Students take action in Schwarzenegger course
Students from “Celebrating Leadership for a Post-Partisan Age,” the inaugural class stemming from the new USC Schwarzenegger Institute for State and Global Policy, presented their final projects to former Gov. Arnold Schwarzenegger on Dec. 15. For each project, the students not only examined, but directly addressed, an important policy issue.
As one would expect with an affiliation to Schwarzenegger, this was no ordinary class. Whether working both sides of the aisle in Sacramento as California’s 38th governor, as a movie star or a champion body-builder, Schwarzenegger has always been known as a man of action.
So rather than sitting around talking about policy issues, the 13 students of the course chose an issue important to them and started campaigns to make a real-world difference in the area. The group presented its semester-long work to Schwarzenegger as – not surprisingly – three-to five-minute videos.
“The ideas that you had were really spectacular,” Schwarzenegger told the students. “You went beyond the politics and said, ‘Here’s the problem, and this is what you can do.’ I think the presentations were absolutely extraordinary. I was amazed with how articulate all of you were.”
Created in August as part of the USC Price School of Public Policy, the Schwarzenegger Institute aims to find bipartisan solutions to social and policy issues.
Professor Nancy Staudt, who also serves as academic director for the institute, introduced her students for the micro-symposium at Ronald Tutor Campus Center in front of an audience that included USC Price Dean Jack H. Knott, the institute’s global director Bonnie Reiss, USC faculty, and family and friends of the students.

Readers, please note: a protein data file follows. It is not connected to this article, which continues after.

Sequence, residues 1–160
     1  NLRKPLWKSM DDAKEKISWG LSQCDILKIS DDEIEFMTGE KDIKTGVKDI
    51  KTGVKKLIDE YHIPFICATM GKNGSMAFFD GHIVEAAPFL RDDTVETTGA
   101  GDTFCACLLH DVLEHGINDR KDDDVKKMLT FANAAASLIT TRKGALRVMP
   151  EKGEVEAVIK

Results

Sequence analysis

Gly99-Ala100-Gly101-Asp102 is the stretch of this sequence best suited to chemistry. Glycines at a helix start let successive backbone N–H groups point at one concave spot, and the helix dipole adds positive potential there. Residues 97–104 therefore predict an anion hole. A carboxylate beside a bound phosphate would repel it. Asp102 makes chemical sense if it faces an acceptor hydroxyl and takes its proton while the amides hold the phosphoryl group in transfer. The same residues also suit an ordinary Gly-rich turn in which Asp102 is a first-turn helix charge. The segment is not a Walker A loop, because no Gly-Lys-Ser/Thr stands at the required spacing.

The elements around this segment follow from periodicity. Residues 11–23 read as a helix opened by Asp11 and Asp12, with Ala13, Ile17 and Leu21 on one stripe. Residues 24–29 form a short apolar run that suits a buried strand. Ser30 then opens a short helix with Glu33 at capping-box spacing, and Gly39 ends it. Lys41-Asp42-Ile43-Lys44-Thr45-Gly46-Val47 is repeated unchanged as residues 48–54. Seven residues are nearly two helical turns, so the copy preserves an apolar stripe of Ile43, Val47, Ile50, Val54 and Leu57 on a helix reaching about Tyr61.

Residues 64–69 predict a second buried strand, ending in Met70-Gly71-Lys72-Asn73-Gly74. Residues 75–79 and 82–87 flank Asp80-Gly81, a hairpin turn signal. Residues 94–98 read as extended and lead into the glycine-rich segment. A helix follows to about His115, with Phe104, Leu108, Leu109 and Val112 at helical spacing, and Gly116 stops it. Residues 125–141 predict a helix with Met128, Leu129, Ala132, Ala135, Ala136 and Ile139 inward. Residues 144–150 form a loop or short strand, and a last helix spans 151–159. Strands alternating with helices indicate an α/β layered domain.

“The difference between this class and every other class I’ve ever taught was the focus on getting students out of the classroom to work on an important issue and then bringing the results back into the classroom,” Staudt said. “Every other class I’ve taught has been a discussion of important issues around a roundtable, while this one was about acting on these important issues.”
The students worked together in pairs or a group of three for their campaigns and presentations.
Sydney Allen and Mitchell Vieyra created Give a Voice LA, urging people to develop stronger community-driven after-school programs that focus on healthy living and the arts. For their part, Allen and Vieyra led a five-week after-school program at Hoover Recreation Center near USC. Even though the assignment is over, the two plan to continue the program during the spring semester.
Chris Daskalos and Tania Mercado started Health and WellneSC (Twitter: @HealthyUSC) to increase student awareness about the strong correlation between leadership and fitness. With the premise that staying physically fit is important to being successful on a professional level, they created fitness events for USC student leaders.
Chelsea Wood and Andrew Christopher founded Feed South Central (Twitter: @FeedSouthLA) to educate the community on the importance of choosing healthy food options despite the prevalence of fast-food options in the area. Their research showed that 32.7 percent of the residents in South Los Angeles are obese, the highest obesity rate in Los Angeles County.